Out here we call those "clench" nails. I prefer copper rove rivets to clench nails (easier to subsequently tighten up) but that may be overkill for some of the size wood you're working with on this restoration.
    http://www.faeringdesigninc.com/fst-clen.html
    "The enemies of reason have a certain blind look."
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  3. #3
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    Default Re: iron nails vs. copper nails on a Lawrence skiff

    What Thorne said.
    They might have been wrought iron nails, which are softer and corrode less due to the purity of the iron, but they are unobtainable now.
    Scandinavians use galvo square boat nails and rooves, but they would not be appropriate for your rebuild.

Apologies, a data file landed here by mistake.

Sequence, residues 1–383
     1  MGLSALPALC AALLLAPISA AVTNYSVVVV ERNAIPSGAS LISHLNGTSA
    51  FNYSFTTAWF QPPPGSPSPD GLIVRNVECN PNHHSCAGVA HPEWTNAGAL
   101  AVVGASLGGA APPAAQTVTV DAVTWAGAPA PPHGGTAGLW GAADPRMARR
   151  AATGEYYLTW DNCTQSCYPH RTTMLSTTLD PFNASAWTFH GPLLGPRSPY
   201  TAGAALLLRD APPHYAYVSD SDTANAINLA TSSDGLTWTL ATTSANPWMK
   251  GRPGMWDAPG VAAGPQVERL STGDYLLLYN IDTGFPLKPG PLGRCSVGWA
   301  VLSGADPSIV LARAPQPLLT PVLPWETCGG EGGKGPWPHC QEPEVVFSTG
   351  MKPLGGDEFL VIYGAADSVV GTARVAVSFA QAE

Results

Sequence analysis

It really is quite difficult to build an ugly wooden boat.

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  4. #4
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    Default Re: iron nails vs. copper nails on a Lawrence skiff

    Good news is the iron tacks will problem fall out with a stern look, or a thin blade between the planks. Copper for sure. Just wondering if you have some temporary thwarts or even rope keeping here from amidships spread while she's being restored. The Ducker I'm restoring spread a good 3" in the middle.
    Denise, Bristol PA, Oday30, Anchor Yacht Club, On tidal Delaware River. my current project; http://forum.woodenboat.com/showthre...0-Ducker-Resto

  5. #5
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    Default Re: iron nails vs. copper nails on a Lawrence skiff